Pay off your home loan earlier than you had originally planned with a free offset account.
A home loan with a free offset account works much like a home loan with a linked transaction account but with one major difference: it allows you to save money by reducing the amount of interest being charged on your loan balance.
With this type of free feature added to your home loan, more money is applied to your principal balance with each monthly repayment that you make.
Offset home loans comparison
How does a home loan with a free offset account work?
As mentioned, an offset account functions as a regular transaction account which is linked to your home loan. If the account is a 100% offset account, any funds in it will offset the interest charged on your home loan. For example, holding $10,000 in your offset account on a home loan of $200,000 will see interest-only charged on $190,000.
This means that the daily interest on your loan is calculated on a smaller amount. This type of account will save you money on interest and help you to pay off your loan faster than expected.
Offset accounts can be free or charge monthly fees. If your offset account is being offered with no monthly or annual fees, you will save even more money over the lifetime of your home loan.
How do I compare mortgages with free offset accounts?
- Fees and interest rates. When looking at a home loan that offers an offset account, be sure that you are not going to be charged any other fees for this service, such as higher annual fees or application fees, or higher interest rates. Also be sure to look into the comparison rate in addition to advertised interest rate, as this takes into account some of the fees due.
- Percentages. You'll find some lenders that are only offering offset accounts at low percentages. To get the full benefit of such an account, you want to make sure that 100% of your transaction account balance is being deducted from the balance of your home loan before the interest for the day is calculated.
- Accessibility. Make sure that you are able to withdraw and deposit funds from your offset account where you'll want to access them, such as ATMs, online and with a teller.
- offset account fees. While you may not be charged any fees for having your offset account, the bank could try and make up for it with fees for different transactions or to receive statements. Compare things such as monthly charges, cheque fees and charges for ATM use when comparing different lenders’ offset accounts.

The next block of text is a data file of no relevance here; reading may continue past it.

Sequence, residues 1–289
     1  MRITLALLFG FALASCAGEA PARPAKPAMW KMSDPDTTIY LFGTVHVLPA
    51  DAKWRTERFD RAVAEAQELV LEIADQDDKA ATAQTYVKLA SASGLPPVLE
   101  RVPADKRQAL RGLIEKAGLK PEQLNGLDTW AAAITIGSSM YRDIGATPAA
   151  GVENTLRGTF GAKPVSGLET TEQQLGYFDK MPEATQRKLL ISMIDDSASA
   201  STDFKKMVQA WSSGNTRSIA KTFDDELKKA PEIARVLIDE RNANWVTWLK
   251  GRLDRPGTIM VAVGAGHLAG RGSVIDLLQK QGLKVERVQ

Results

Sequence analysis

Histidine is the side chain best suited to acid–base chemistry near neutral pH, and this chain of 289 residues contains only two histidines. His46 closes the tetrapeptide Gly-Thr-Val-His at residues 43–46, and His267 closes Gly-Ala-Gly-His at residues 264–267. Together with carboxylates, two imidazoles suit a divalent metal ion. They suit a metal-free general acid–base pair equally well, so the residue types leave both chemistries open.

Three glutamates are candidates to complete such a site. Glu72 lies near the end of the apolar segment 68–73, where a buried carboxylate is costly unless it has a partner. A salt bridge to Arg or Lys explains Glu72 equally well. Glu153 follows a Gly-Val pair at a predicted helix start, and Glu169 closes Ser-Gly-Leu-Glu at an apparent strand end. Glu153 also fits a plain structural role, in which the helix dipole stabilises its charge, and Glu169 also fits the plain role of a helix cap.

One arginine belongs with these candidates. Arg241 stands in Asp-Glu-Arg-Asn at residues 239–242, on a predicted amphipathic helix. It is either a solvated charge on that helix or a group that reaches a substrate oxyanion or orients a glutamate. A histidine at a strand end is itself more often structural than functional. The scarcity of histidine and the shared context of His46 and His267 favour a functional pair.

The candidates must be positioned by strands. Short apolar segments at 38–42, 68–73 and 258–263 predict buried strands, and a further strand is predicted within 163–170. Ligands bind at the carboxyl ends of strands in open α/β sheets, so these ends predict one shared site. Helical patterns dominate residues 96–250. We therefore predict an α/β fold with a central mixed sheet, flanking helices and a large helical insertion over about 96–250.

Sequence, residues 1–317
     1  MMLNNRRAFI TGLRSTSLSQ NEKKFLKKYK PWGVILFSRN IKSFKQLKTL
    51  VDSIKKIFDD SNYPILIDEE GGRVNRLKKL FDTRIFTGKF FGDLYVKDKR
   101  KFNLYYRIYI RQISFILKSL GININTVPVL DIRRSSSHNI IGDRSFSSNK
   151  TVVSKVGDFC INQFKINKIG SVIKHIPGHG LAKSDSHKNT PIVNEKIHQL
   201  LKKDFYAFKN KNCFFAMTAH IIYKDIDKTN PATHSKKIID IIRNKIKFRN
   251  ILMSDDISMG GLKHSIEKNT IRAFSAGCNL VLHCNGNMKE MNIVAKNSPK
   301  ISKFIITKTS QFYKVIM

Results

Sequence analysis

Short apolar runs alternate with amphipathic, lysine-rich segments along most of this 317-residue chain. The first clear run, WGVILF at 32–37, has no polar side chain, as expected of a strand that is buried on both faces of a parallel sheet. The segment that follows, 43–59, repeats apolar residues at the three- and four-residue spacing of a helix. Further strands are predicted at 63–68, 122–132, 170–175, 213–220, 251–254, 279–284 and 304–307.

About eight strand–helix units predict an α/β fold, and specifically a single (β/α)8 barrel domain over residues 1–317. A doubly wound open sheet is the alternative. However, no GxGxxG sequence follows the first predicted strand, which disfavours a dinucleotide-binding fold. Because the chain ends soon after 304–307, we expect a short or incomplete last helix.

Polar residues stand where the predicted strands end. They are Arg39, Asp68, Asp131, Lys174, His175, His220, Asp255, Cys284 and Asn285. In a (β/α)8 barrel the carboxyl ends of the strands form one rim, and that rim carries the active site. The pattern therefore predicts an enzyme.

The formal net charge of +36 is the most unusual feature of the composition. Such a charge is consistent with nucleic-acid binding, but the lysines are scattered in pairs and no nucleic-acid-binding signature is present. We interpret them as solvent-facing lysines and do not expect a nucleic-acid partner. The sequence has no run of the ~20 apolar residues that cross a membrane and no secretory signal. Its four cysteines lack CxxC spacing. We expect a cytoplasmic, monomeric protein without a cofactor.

Jim's offset account search
Jim applies for a home loan with an interest rate of 5.5%p.a., with an offset account but first wants to make sure that not only are there no added fees being charged for this feature but that he's getting a 100% offset account.
Jim has a smaller loan balance of $150,000 and plans to keep $5,000 in the linked offset account. With a 100% offset account, the interest rate would be applied to a balance of only $145,000. If Jim finds a home loan with only a 50% offset account, interest would be applied to the amount of $147,500 as only half of the $5,000 would be applied against the principal balance.
Jim uses the finder.com.au home loan offset calculator to find out how much this balance would save him over the 15 years of his loan.
The calculator shows that Jim will pay his loan off five months earlier and save $2,200 in interest. If he bumps his offset account balance up to $10,000, he would save nine months off his home loan and save $4,268.98.
Pros and cons of a home loan with an offset account
- Pay off your loan quicker. When used right, an offset account can allow you to pay off your home loan faster than your original terms.
- Save money on interest. By having your account balance deducted from your loan amount, you are being charged less in interest fees with each repayment.
- Flexible transaction account. With an offset account you also get all of the flexibility and options that you expect with a transaction account. You can have your salary paid into it directly, and use your account for a variety of purchases.
- Interest earned. The balance of your offset account won’t be earning interest like it could in other types of transactions accounts. This is usually outweighed by the fact that most savings accounts will offer an interest rate lower than that of your home loan, meaning you actually gain more from placing funds in your offset account as opposed to a savings account.
- Fees. Check for any fees associated with the transaction account you plan to use. Even if you're not charged monthly fees for having an offset account, there might be fees for different transaction types or services.
What should I avoid when it comes to home loans with free offset accounts?
- Low offset percentage. When looking into a home loan that offers a free offset account make sure that it is a 100% offset account. If not, you will not be getting the full benefit of this feature.
- High-fee transaction account. Avoid linking a transaction account that has high monthly or annual fees. These can quickly eat into the savings you get from reducing the interest amount of your home loan.
Frequently asked questions
When is the interest calculated on my home loan?
The interest on a home loan is typically calculated on a daily basis and then added together at the end of each repayment period.
How does an offset account differ from a redraw facility?
Redraw is a feature that allows you access to funds that you have already paid towards your home loan as an extra repayment. The money you have saved in an offset account is separate from your home loan, allowing you to add to it or withdraw from it at will. For more information about the differences between the two read our guide.